Republican News · Thursday 10 July 1997

[An Phoblacht]

North Belfast erupts

By Mick Naughton

Hundreds of masked youths placed barricades across all the major road arteries and engaged scores of RUC and British army patrols during some of the heaviest rioting seen in North Belfast for 20 years.

Areas such as Ardoyne, New Lodge, and the Bone saw sustained petrol bomb attacks leaving several armoured personel carriers burnt out. Last Sunday night one was completely burnt out at the top of Brompton Park in Ardoyne and later dragged away before another suffered a similar fate on the Antrim Road. In scenes reminiscent of the Hunger Strike period of 1981 crates of petrol bombs were ferried up to be hurled at plastic bullet firing RUC squads. These were forced to retreat in many areas such was the ferocity of the attacks. In some cases whole stretches of what once were busy roads were abandoned by the British forces unable to contain the determined rioters.

The Oldpark area resembled a war zone with bed springs being pressed into service as makeshift shields to protect the nationalist youths. Hundreds of plastic bullets were fired, roadways littered with their shell cases. Late on Sunday evening one RUC armoured vehicle got impaled on iron pilings being used as a barricade, its crew forced to flee as petrol bombs zeroed in. Following intense petrol bombing the RUC and British patrols left the streets.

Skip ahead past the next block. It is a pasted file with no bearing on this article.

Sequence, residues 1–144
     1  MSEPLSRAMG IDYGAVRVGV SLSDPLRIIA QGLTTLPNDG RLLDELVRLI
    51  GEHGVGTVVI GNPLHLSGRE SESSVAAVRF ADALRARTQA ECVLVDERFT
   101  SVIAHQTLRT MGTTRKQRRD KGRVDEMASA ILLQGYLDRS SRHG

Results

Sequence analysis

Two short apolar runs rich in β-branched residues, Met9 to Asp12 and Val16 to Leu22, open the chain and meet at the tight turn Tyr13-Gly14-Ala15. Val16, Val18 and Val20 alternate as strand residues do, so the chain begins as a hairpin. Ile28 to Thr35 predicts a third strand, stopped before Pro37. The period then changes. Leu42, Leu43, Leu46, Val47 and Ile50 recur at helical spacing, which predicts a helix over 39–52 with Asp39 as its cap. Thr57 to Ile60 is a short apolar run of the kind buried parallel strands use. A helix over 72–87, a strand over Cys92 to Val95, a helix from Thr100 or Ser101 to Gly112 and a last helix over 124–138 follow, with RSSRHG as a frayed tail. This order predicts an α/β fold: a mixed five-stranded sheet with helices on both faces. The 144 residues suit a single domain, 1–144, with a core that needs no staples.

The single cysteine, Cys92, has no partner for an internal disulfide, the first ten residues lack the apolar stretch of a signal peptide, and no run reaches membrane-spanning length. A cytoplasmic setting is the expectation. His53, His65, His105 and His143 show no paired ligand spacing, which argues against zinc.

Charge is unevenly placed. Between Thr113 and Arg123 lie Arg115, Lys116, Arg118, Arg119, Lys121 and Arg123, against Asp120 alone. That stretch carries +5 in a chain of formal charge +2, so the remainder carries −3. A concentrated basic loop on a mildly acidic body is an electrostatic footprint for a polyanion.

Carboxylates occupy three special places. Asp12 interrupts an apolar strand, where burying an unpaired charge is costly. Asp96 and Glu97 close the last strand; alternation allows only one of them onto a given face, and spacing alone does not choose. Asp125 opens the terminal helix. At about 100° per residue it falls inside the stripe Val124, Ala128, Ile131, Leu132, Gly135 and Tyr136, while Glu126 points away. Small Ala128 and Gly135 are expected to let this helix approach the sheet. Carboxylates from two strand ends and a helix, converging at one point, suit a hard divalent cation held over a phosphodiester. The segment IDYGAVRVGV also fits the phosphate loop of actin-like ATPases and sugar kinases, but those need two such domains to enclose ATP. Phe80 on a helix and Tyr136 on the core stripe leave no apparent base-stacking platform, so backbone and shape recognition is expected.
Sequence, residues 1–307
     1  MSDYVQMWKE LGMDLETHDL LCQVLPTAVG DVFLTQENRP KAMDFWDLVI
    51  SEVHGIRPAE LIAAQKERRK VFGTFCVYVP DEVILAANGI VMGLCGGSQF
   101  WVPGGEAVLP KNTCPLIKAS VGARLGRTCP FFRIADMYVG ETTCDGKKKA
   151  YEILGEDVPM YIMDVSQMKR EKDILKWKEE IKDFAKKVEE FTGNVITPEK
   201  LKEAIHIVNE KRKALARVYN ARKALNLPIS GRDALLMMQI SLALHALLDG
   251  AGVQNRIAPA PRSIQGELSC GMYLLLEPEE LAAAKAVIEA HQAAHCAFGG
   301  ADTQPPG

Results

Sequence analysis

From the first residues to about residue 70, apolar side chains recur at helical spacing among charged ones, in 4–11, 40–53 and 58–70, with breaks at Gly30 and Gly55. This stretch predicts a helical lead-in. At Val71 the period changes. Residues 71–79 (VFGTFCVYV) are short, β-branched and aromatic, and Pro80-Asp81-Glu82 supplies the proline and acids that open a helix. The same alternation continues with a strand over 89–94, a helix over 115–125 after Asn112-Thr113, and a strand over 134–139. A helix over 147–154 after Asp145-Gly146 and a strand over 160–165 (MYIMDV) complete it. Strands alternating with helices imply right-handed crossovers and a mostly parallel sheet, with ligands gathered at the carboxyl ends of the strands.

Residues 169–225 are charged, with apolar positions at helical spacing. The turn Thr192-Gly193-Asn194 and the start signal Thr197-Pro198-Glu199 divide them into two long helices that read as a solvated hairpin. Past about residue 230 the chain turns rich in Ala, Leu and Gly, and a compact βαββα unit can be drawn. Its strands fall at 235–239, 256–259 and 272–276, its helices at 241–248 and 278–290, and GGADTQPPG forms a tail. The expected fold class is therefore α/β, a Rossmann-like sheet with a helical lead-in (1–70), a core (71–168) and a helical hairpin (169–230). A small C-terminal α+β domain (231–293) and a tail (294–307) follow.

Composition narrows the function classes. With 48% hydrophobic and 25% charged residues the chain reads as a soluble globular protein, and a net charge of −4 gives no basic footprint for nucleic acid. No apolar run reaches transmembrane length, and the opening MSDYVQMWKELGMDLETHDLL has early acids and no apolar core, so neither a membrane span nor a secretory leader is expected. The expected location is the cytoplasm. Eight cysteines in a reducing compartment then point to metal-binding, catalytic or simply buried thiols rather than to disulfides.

`Snatch' squads, which earlier had been active, were forced to withdraw as shots were heard. A blast bomb and a rocket propelled grenade were also fired. Shielded from fusilades of plastic bullets behind hijacked vehicles the youths kept up their attacks for a three day period.

Meanwhile Sinn Fein activists attempted to stop the rioting explaining to the young people that it suited the British to contain the youths in their own areas and so damage their own communities.

At meetings held in Ardoyne and the New Lodge on Tuesday evening crowds assembled for future protests heard how many of the youth had acted with commendable courage and restraint.

``Some of them are not angels,'' remarked one woman, ``but they are a credit to our communities for taking on the might of the British Army and RUC and forcing them out of our districts, just like they did back in the early 1970s.''


Armagh riots

On Sunday nationalist youths hijacked vehicles in different parts of Armagh while the RUC and British army set up roadblocks on entrances to the city centre.

Later in the evening further trouble broke out in English Street and the RUC fired plastic bullets. Two youths were hit and treated by local firemen before going for further medical attention. Trouble continued into the early hours of the morning.

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